In memory of Wynne Williams
Wynne Williams was the fourth child of William Henry and Elizabeth Ann Williams, writes nephew Adrian Williams. His brothers and sisters were Maiddydd, Gwilym, Benjamin, Alwena and Elfed. They lived at 29 Ruthin Road (formerly Nebo Terrace), Bwlchgwyn, Wrexham.
Wynne attended Bwlchgwyn School, where he enjoyed growing vegetables in the school garden and woodwork.
During the Second World War he was “called up” and joined 220 Field Company, Royal Engineers, which was attached to the 56th London Infantry Division. It was nicknamed the Black Cats after its shoulder patch insignia (pictured below right). This showed a Black Cat on a red background (based on Dick Whittington’s cat).
The Division sailed from Britain to what is now Iraq, where it was tasked with guarding oilfields. It then travelled some 3,700 km (2,300 miles) by road to Egypt during March 1943. After crossing the Western Desert to Libya, they were in action in April at Enfidaville and in May at Tunis.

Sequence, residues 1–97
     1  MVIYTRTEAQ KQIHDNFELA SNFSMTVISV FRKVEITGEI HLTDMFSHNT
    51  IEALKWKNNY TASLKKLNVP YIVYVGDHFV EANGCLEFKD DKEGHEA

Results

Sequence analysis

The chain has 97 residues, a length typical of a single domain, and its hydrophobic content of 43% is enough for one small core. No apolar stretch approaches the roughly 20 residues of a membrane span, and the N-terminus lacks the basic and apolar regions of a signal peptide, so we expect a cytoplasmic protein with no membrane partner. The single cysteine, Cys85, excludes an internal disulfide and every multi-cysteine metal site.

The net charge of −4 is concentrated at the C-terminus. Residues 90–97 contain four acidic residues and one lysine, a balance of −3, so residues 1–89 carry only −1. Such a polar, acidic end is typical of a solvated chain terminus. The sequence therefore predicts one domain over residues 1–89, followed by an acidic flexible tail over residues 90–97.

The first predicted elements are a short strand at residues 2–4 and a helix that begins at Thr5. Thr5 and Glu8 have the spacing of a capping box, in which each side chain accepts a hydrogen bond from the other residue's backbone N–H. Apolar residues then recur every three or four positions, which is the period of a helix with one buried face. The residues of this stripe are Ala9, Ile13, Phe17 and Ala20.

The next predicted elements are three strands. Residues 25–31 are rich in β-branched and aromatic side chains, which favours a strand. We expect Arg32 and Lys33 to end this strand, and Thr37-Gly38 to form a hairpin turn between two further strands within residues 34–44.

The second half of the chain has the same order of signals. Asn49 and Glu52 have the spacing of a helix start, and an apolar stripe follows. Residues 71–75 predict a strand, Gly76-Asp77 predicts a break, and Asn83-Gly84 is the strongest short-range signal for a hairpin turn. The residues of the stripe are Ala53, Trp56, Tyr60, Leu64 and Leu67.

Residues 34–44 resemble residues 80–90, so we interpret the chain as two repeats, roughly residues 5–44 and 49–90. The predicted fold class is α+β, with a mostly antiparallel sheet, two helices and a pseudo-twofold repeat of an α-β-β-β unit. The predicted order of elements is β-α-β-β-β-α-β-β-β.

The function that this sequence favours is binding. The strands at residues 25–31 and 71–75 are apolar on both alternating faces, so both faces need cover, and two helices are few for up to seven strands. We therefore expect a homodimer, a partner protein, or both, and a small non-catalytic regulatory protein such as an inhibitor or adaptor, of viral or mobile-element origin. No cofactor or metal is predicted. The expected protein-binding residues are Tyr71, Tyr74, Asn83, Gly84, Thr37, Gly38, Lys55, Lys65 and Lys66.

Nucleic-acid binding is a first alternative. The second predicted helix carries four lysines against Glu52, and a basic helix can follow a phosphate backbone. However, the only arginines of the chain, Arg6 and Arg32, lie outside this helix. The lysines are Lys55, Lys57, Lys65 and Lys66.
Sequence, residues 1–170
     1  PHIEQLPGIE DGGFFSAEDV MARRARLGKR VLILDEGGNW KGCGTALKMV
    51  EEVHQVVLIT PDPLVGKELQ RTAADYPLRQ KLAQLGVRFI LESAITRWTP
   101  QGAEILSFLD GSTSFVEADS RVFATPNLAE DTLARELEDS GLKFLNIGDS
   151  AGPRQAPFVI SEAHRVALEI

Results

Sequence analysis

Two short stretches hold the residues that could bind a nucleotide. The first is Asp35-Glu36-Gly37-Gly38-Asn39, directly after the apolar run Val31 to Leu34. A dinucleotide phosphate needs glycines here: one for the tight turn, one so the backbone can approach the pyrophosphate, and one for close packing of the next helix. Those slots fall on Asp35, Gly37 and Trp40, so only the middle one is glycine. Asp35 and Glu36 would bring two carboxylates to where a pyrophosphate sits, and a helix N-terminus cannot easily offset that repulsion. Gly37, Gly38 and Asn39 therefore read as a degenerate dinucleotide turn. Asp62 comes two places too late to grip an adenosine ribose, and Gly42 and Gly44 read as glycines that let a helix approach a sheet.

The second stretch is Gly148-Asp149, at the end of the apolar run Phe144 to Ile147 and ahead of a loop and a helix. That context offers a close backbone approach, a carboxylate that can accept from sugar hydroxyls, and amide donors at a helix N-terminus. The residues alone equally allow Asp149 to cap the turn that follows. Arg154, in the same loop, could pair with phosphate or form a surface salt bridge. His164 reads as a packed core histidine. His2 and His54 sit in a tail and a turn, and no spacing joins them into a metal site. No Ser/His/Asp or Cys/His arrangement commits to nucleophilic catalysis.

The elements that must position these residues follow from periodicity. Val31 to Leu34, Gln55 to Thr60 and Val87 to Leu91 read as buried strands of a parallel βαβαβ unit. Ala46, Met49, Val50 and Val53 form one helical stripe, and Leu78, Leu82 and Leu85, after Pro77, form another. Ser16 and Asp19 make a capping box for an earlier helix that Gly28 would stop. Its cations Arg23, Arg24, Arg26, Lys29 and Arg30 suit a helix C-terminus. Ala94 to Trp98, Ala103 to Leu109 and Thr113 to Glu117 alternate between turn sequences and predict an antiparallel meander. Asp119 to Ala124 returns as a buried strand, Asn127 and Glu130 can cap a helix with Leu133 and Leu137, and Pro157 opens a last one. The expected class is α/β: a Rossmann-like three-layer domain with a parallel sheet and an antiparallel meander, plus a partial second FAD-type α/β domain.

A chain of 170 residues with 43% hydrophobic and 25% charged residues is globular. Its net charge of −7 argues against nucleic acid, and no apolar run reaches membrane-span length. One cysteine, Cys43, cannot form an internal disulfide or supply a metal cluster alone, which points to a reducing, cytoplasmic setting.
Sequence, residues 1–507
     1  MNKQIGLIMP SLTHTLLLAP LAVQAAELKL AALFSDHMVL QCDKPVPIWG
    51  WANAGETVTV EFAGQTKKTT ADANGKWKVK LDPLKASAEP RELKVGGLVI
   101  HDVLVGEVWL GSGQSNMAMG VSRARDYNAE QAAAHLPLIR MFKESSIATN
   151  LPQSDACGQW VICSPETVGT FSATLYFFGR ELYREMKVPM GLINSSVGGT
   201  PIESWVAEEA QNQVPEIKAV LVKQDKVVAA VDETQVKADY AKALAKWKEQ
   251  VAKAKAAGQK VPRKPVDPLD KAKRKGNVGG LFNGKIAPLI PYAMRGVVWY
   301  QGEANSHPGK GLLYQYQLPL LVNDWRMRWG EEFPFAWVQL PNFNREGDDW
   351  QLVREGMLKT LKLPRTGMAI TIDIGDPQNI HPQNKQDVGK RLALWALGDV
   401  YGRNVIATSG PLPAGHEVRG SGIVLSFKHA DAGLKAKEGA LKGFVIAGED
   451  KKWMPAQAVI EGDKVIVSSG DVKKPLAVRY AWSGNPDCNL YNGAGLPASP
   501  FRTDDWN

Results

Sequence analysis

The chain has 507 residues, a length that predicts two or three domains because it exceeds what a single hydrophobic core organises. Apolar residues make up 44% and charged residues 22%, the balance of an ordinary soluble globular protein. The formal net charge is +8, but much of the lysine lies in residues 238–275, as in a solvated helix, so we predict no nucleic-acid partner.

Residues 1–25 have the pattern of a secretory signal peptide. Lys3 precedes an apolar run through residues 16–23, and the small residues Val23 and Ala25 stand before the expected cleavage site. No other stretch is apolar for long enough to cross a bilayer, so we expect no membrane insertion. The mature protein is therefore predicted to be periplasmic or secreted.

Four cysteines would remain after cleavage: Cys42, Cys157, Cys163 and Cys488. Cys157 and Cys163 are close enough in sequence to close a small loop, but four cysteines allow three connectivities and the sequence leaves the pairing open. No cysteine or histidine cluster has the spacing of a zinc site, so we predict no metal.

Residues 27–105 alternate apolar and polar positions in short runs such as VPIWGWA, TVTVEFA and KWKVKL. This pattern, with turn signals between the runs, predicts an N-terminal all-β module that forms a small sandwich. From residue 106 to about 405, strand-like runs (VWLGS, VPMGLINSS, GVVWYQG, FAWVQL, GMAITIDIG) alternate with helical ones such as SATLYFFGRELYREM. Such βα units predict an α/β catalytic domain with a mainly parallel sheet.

The Division crossed the Mediterranean and landed at Salerno, Italy, in September 1943. It was involved in several battles from then until January 1944, after which it transferred from X Corps to the US VI Corps at Anzio. The division fought in the battle to secure the bridgehead, sustaining heavy casualties. It was withdrawn from Anzio to Egypt in March 1944 and later to Gaza, Palestine. There Wynne was wounded. He died in a field hospital on the following the day, 7 July 1944, aged 21.
He is buried in the Ramleh War Cemetery in Israel. His medals (pictured left) comprise the 1939-45 Star, The Africa Star, The Italy Star, The Defence Medal and the 1939-45 War Medal.